What's the Problem with Aid?

A Haiti quake victim receives aid from the Dublin-based international humanitarian organization GOAL on March 20 in Port-au-Prince. (Photo: Thony Belizaire/ AFP-Getty Images)

On April 9 and 10, seven of the world's poorest countries met in Timor-Leste (East Timor) to discuss how wealthy aid donor countries are failing in their attempts to help. Calling themselves the g7, in a takeoff of the better-known G7 (comprising the United States, Japan and other wealthy countries), the group discussed how aid could be improved.

Timor-Leste's President Jose Ramos-Horta slammed donors for believing they can do no wrong. A study last year showed that over $8 billion in aid had been spent in his country—Asia's poorest—since 1999. He joked that if this had gone to ordinary Timorese, everyone would have a PhD. However, he did acknowledge that corruption has increased in Timor-Leste, hinting that aid failures cut both ways.

Most of the aid money ultimately comes from Western taxpayers, though this is changing as countries like China get involved. So should the leaders of g7 countries just be grateful and not bite the hands that feeds them?

Not really. Western taxpayers do not always know or care much about aid given by their governments. They are generally more clued-in to one-off donations made in response to disasters or famines, known as "emergency assistance." Often this goes to specialist charities or NGOs, like Oxfam, that provide food, shelter and medical assistance.

This type of "fire fighting" is not being questioned, though it could use some fine-tuning, as seen in Haiti where many destitute earthquake survivors waited for days and weeks to receive help. More controversial is the "development" aid given by wealthy countries to poorer ones, in the form of loans or grants from one government to another, or channeled through the World Bank with aggressive interest.

Development aid aims to help countries overcome poverty, but it has arguably done little to improve the economic well-being of a billion of the world's poorest people, mostly in Africa where aid spending has been highest, measured per head of population. So after an estimated $2.3 trillion of worldwide outlay in the last half-century, the g7 might be doing donors a favor by pointing out their mistakes.

The 29 wealthiest countries have pledged to spend 0.7 percent of their GDP on aid every year by 2012. This aims to help poor countries reach targets known as the Millennium Development Goals by 2020: better education, access to clean water, etc. While this will not be met, due to insufficient political will and the global economic downturn, some say it wouldn't have worked anyway.

One school of thought holds that the "law of diminishing returns" applies to aid: that while the first million dollars has X impact, you get increasingly less of a return for each million spent after that.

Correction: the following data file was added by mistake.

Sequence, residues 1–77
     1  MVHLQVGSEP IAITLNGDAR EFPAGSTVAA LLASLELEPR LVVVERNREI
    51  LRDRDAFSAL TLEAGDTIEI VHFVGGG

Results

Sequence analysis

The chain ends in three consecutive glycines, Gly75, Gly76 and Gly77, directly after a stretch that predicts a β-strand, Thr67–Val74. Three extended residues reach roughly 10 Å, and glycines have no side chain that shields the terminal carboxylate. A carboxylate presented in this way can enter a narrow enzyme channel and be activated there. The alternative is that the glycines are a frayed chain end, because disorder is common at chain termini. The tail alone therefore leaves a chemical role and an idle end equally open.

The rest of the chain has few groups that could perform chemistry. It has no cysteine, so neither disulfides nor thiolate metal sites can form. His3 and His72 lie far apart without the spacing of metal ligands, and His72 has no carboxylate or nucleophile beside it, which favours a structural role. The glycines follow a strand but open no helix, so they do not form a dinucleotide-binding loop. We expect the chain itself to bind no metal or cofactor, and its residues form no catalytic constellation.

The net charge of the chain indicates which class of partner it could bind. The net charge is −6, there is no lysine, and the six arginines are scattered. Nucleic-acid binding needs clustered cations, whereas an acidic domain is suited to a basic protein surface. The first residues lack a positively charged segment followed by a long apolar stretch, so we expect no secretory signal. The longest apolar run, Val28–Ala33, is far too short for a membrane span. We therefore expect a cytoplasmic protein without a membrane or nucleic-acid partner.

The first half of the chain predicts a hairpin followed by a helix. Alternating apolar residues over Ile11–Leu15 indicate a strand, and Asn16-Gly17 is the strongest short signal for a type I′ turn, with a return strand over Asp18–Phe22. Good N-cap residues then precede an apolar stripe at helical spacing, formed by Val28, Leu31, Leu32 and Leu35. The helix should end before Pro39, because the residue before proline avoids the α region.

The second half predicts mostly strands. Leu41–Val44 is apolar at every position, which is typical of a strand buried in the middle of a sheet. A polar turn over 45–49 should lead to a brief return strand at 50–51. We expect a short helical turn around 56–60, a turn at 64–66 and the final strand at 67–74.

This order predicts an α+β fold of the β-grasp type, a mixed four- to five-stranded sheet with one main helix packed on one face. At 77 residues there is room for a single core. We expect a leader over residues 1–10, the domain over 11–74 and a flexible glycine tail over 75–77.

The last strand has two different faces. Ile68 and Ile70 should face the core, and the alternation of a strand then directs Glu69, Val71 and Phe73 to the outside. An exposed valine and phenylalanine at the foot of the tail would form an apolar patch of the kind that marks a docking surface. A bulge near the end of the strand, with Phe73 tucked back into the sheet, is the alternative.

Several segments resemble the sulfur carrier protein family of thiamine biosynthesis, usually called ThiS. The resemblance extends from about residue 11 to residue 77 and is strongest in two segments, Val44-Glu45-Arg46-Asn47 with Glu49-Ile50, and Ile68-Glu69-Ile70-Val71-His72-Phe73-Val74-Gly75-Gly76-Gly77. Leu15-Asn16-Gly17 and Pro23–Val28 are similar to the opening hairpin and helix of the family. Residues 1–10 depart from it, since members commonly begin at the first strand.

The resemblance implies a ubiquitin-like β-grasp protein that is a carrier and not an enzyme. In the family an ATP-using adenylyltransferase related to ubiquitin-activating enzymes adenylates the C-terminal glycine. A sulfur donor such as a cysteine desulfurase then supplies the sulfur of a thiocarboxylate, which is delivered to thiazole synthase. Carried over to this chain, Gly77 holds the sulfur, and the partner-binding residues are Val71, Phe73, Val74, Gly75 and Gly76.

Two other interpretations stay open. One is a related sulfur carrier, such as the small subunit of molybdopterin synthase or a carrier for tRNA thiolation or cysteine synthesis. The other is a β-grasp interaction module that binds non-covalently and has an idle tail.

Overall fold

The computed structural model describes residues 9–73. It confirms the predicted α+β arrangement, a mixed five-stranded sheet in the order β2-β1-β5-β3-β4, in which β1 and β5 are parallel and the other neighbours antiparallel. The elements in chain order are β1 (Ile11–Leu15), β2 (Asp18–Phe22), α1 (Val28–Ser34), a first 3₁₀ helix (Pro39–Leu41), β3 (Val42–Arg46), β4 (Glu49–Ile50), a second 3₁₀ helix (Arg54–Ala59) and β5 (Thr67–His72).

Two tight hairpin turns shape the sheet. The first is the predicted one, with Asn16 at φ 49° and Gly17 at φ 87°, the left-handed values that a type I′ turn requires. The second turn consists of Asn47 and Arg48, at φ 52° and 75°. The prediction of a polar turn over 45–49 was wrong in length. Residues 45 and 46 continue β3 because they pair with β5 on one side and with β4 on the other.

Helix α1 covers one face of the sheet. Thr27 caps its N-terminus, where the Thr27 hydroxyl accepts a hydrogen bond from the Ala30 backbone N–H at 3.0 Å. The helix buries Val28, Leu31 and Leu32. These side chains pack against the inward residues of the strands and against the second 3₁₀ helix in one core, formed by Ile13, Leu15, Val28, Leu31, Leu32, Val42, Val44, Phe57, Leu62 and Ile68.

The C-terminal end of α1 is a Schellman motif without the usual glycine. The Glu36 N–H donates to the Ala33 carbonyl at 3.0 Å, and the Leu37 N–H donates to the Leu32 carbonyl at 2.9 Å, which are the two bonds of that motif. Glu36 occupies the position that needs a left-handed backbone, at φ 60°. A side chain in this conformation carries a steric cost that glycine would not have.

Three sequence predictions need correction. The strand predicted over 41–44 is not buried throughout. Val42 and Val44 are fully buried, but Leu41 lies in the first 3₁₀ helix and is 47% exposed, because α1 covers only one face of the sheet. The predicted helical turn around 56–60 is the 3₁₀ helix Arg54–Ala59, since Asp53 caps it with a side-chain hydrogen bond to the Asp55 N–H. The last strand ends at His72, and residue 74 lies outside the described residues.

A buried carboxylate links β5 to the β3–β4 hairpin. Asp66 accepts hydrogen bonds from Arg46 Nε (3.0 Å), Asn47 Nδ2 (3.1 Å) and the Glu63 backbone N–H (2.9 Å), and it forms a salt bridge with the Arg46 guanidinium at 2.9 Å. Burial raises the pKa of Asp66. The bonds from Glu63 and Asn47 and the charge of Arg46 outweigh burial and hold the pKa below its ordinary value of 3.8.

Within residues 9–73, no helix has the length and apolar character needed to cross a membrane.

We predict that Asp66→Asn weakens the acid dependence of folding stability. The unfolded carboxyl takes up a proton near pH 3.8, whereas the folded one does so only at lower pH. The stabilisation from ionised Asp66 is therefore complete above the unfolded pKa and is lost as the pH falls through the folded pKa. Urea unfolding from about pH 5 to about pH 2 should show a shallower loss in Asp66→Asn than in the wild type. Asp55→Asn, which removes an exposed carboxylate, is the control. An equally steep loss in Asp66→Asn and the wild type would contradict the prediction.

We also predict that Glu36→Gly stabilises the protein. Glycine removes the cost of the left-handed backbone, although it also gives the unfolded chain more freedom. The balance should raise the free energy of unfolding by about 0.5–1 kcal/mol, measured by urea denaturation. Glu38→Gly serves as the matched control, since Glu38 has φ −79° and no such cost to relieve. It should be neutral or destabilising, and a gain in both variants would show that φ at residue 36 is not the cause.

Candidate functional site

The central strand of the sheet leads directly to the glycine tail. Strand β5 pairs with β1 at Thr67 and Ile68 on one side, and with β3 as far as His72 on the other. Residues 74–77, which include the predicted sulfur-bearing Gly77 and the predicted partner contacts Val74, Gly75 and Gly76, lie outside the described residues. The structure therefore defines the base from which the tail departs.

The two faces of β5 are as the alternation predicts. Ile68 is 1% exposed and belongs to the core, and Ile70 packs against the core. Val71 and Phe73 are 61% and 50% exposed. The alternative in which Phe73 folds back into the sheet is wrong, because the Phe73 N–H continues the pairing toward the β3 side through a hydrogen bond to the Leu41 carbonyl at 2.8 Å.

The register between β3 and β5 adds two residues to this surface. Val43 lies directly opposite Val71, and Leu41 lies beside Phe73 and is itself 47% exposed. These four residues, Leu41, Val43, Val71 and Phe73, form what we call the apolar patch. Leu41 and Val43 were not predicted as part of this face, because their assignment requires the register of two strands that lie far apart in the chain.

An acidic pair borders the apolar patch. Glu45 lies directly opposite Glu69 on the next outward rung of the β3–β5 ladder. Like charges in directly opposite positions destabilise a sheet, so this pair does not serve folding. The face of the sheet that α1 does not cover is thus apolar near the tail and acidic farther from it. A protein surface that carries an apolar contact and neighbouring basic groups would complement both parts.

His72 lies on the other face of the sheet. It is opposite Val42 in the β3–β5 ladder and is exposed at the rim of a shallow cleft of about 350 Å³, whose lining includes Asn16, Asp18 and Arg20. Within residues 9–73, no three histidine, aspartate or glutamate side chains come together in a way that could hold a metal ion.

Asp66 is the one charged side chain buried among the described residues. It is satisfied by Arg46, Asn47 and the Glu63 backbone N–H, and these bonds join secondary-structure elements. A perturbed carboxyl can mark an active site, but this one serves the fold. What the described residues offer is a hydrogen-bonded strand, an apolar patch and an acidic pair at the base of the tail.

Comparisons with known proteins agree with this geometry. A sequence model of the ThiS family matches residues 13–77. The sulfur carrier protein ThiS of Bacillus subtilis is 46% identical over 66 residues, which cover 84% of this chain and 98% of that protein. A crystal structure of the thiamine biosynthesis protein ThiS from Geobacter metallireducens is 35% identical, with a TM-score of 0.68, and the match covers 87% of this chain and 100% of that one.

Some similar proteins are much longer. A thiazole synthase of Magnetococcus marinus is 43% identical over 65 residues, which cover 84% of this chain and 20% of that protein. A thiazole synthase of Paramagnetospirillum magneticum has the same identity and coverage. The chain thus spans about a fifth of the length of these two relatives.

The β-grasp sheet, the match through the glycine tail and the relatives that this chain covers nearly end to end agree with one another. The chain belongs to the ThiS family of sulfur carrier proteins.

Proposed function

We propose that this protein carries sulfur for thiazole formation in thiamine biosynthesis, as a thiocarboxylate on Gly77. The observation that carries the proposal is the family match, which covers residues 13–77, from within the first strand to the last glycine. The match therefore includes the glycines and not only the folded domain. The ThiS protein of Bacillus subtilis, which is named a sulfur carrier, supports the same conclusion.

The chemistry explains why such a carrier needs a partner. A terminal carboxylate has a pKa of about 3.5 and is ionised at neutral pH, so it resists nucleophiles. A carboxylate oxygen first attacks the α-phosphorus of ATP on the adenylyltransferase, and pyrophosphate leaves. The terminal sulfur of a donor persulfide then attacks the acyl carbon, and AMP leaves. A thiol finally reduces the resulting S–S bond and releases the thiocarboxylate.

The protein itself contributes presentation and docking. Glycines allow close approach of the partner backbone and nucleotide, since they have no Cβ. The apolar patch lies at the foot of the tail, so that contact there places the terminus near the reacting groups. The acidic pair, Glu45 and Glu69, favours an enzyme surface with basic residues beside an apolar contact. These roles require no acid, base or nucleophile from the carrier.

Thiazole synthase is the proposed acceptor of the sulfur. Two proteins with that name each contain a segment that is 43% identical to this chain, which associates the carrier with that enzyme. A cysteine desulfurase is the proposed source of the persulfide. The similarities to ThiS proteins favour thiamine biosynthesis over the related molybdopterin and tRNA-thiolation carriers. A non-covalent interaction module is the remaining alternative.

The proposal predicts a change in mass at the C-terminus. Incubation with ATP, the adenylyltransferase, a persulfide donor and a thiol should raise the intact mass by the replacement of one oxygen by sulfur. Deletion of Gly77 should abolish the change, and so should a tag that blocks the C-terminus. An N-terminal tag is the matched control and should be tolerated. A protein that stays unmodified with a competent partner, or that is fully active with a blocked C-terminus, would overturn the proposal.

Others say that Western countries owe a moral and financial debt to former colonies, and that just as most western countries have a domestic social welfare system, they should apply a similar set of policies to assist poor countries.

Many argue that countries in Africa and elsewhere have become poorer since independence, due to corruption and war, citing examples of aid being siphoned-off into Swiss bank accounts or diverted into military spending.

Others view aid as a form of welfare-pampering, saying that it undermines entrepreneurship. And while some see it as the only hope for poor countries, others believe that is just gets in the way and should be abolished.

Another criticism of aid is that it benefits companies and personnel from the wealthy donor countries more than the people it is intended to help, hence the mocking term "aid industry." Ramos-Horta pointed out the lavish salaries paid to aid consultants working in his country, often exceeding his own or those within the government.

Furthermore, some countries say aid must be conditional, requiring political or economic changes to be made. This can have a positive impact, depending on the recipient (some simply resort to creative accounting).

In any case, donor countries usually have stringent conditions on how aid is used, requiring time-consuming monitoring and evaluation. However, in some cases these conditions push countries with little or no local industry into opening up prematurely to world trade.

In other cases it means aid money must be used to buy goods from the donor country. This might not be a problem, if the donor country is producing the best and cheapest form of the product. But sometimes the donor sends goods, like rice for example, to a country that could produce the same thing locally at a cheaper price. In terms of helping the economy grow, this simply defeats the purpose.

To conclude, perhaps the safest thing to say about this complex and thorny issue is that some well-targeted, corruption-free aid is useful. However, by itself aid will never transform a poor country into a wealthy one.

This article was originally published by The Casual Truth:

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